August 11: "Fish Farming At King’s House"
1944: The Gleaner understands that in the near future, the appointment of an assistant director of medical services, in place of Dr J.M. Hall, who has resigned owing to ill health, will be made. The salary for this office is £1,200 per annum.
1949: Thousands of citizens from all over the island pack the Knibb Memorial Church in Falmouth, for the re-dedication services built on the site of the chapel destroyed by the hurricane of 1944. Chaired by Mr P.M Sherlock, vice-principal of the University College of the West Indies, the double ceremony takes the form of a religious service, followed by a public meeting.
1954: The Jamaica Agricultural Society and the Jamaica Livestock Association at a meeting at the Ministry of Trade and Industry urge majority representation on the proposed Livestock Industry Board for the producers.
1958: The governor, Sir Kenneth Blackbourne, begins fish farming at King’s House. The Government Fisheries Division stocks a concrete pond at King’s House with fish. His excellency’s decision to stock the pond comes a s a result of a visit he paid to the Fisheries Station at Twickenham Park over one month ago when he expresses the desire to become a fish farmer.
1958: Mr Earle Thames, son of Mr and Mrs F.A Thames of 5 Kings Avenue, Richmond Park, has been awarded the 1959 Rhodes Scholarship. Mr Thames attended Jones Town School and Wolmer’s Boys’ School, where he gained both School Certificate and Higher School Certificate.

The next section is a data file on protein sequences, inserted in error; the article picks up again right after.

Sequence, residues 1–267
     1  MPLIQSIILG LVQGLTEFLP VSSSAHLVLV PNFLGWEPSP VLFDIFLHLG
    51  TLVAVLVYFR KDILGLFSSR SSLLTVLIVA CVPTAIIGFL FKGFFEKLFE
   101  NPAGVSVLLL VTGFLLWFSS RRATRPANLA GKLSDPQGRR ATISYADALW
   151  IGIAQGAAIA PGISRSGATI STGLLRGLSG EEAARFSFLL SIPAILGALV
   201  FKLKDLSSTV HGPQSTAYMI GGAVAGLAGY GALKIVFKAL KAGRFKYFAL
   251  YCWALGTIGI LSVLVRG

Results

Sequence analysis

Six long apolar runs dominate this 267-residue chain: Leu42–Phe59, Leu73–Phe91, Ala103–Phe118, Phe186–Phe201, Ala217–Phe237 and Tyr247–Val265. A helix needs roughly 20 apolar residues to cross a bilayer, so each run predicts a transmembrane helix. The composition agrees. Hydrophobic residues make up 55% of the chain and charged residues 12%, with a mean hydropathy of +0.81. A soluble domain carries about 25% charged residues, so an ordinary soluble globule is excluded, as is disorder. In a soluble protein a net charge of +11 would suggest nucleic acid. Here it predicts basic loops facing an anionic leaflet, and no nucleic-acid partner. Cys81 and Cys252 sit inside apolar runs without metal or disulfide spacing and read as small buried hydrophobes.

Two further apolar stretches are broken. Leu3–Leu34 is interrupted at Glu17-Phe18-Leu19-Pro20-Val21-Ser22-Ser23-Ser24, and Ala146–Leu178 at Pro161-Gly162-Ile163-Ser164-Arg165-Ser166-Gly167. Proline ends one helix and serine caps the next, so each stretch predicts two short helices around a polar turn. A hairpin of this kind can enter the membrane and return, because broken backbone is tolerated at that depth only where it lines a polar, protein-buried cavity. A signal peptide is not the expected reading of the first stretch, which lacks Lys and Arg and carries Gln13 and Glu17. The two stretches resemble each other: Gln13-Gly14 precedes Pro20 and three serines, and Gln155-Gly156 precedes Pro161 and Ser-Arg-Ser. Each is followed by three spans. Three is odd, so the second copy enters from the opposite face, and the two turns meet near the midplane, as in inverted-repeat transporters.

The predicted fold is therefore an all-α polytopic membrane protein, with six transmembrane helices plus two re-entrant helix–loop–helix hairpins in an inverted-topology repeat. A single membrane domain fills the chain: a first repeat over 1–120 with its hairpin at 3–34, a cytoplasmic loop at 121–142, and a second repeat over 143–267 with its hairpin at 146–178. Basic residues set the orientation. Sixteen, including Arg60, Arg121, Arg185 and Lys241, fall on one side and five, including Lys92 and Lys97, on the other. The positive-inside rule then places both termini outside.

1965: All-Island Spelling Champion and Champion Girl Speller is Amorelle Morrison, 13-year-old pupil of Manchester High School, Mandeville. She emerged victorious after more than three hours of competition in the final spell down of the Children’s Own newspaper Spelling Bee.
1969: The Government releases the new rates for bus fares payable to the Jamaica Omnibus Service Limited, which will become effective on September 8 this year, when conversion to dollars and cents takes place. Under the new rates, children will actually pay less (in some cases up to two cents) than what is now being charged for the third to the ninth fare stages. This reduction is shown when comparison is made with the Government Comprehensive Conversion Table.
1975: Jamaicans seeking overseas placements are being advised by Labour and Employment Minister Ernest Peart to be cautious about their dealings with employment agencies and persons claiming to be able to secure entry for them into foreign countries.